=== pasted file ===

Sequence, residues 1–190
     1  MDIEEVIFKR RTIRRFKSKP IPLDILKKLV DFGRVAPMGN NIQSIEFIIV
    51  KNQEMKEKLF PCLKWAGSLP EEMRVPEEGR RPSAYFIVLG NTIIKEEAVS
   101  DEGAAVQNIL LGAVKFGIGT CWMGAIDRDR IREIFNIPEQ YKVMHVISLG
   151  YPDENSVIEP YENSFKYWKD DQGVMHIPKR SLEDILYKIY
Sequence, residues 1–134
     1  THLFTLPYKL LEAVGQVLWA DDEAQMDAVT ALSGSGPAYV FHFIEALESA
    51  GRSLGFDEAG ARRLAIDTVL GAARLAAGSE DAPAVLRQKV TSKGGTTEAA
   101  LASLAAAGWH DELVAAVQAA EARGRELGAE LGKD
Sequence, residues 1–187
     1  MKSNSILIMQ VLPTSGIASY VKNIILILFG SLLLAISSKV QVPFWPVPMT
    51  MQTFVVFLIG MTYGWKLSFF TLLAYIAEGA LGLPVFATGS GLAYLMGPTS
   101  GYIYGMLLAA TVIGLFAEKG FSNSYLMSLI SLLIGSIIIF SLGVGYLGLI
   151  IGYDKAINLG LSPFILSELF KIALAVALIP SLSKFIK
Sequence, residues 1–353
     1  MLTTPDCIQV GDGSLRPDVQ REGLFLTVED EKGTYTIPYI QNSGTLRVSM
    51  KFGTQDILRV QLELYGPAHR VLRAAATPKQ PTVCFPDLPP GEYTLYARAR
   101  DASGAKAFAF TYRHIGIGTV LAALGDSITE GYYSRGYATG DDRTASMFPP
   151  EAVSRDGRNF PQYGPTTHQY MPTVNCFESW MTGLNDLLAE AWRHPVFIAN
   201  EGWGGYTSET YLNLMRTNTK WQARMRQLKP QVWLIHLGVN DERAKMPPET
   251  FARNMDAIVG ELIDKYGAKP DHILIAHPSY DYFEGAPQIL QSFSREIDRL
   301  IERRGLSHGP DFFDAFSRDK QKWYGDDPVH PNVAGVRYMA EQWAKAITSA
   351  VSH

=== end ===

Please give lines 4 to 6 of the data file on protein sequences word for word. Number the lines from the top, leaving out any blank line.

   101  DEGAAVQNIL LGAVKFGIGT CWMGAIDRDR IREIFNIPEQ YKVMHVISLG
   151  YPDENSVIEP YENSFKYWKD DQGVMHIPKR SLEDILYKIY
Sequence, residues 1–134